A conflict of values: when perceived compassion decreases trust

Matt Lupoli, Min Zhang, Yidan Yin, Christopher Oveis

Research output: Contribution to conferenceAbstractpeer-review


Compassion is an emotion that has been shown to benefit individuals, organizations, and society. As such, people may place greater trust in those who are perceived to be compassionate, believing they will act both honestly and benevolently. However, there are some circumstances in which honesty and benevolence conflict. How might we expect compassionate individuals to behave in these contexts? Applying the lens of Mayer et al.’s (1995) Integrative Model of Organizational Trust, in a series of experiments we demonstrate that perceived compassion can both increase and decrease trust. Specifically, compassion increases trust in one’s benevolence, but can also decrease trust in one’s integrity when benevolence and integrity are in conflict. Organizational implications are discussed.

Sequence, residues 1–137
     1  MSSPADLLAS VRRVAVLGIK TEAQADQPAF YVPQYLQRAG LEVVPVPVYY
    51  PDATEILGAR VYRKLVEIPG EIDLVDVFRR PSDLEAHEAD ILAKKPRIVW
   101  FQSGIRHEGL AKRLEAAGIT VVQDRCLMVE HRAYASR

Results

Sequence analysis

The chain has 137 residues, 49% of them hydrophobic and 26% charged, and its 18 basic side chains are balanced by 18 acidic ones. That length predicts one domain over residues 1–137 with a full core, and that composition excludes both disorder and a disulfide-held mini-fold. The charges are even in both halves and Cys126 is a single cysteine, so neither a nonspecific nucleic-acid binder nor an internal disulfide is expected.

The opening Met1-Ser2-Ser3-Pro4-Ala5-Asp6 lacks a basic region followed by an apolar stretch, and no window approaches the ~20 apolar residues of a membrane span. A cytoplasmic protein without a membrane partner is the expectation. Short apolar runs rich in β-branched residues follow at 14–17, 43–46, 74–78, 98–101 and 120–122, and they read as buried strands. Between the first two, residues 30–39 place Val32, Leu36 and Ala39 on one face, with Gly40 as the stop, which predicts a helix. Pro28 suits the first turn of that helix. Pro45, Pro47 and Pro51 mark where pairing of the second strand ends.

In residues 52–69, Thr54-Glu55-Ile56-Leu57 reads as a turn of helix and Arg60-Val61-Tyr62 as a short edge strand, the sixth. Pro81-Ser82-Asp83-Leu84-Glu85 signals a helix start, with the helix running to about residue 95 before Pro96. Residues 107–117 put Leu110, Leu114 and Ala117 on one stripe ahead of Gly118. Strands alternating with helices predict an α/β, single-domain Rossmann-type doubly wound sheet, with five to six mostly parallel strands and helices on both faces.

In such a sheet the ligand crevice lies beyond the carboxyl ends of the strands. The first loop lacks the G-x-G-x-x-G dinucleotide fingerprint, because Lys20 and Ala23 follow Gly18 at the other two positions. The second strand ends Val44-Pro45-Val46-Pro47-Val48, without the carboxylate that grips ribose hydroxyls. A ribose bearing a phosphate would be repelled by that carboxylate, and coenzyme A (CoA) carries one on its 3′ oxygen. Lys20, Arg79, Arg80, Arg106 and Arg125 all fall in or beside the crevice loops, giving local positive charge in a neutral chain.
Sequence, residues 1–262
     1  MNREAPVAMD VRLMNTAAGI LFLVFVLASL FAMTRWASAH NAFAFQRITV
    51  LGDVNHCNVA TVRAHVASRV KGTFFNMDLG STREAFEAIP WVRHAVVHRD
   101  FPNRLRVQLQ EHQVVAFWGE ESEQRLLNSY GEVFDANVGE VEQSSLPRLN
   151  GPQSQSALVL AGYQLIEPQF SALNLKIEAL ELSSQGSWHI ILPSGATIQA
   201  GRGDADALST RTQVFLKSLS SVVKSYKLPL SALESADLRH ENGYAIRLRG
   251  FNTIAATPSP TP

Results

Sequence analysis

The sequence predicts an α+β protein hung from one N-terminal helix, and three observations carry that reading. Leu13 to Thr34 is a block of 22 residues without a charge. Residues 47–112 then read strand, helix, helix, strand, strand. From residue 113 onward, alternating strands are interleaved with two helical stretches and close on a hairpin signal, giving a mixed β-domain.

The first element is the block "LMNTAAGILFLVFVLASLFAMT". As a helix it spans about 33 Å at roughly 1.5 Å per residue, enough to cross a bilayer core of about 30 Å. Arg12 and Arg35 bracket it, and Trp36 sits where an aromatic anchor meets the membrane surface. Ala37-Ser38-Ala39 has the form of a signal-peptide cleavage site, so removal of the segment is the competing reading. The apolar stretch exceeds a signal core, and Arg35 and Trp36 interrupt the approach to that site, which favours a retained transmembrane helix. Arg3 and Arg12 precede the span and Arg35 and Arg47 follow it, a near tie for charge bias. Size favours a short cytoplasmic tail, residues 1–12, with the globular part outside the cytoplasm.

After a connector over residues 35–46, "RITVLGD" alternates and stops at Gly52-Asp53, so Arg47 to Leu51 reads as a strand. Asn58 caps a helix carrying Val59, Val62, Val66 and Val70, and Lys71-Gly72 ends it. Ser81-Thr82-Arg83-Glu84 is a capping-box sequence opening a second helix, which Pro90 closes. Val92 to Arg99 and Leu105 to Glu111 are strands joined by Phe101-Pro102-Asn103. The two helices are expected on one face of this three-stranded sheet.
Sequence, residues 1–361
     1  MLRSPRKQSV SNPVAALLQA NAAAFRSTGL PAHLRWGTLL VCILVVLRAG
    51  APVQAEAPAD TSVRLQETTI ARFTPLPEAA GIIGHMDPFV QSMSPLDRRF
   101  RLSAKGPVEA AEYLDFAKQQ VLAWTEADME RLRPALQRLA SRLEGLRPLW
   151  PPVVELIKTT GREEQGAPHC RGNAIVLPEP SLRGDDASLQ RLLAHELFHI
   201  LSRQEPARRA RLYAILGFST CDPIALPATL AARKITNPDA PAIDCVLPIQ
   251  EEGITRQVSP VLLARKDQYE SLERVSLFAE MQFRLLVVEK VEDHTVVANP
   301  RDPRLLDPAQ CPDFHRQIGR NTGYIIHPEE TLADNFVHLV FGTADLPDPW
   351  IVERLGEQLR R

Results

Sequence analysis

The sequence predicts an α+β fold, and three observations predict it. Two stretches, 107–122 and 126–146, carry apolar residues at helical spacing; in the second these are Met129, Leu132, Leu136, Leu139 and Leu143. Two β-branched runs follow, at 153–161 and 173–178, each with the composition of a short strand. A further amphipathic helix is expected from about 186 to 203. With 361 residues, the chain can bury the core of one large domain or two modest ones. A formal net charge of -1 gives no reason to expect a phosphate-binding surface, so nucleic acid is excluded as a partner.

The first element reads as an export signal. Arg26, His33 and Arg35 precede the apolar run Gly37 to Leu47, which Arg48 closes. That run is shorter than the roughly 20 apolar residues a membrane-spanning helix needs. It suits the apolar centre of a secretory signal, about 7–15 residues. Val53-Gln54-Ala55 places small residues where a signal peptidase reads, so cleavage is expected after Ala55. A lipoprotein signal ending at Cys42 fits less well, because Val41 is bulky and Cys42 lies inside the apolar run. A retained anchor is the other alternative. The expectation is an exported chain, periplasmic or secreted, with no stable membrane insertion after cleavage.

Original languageEnglish
Number of pages1
Publication statusPublished - Aug 2019
Externally publishedYes
EventAnnual Meeting of the Academy of Management 2019 - Boston, United States of America
Duration: 9 Aug 201913 Aug 2019
Conference number: 79th


ConferenceAnnual Meeting of the Academy of Management 2019
Abbreviated titleAoM 2019
Country/TerritoryUnited States of America

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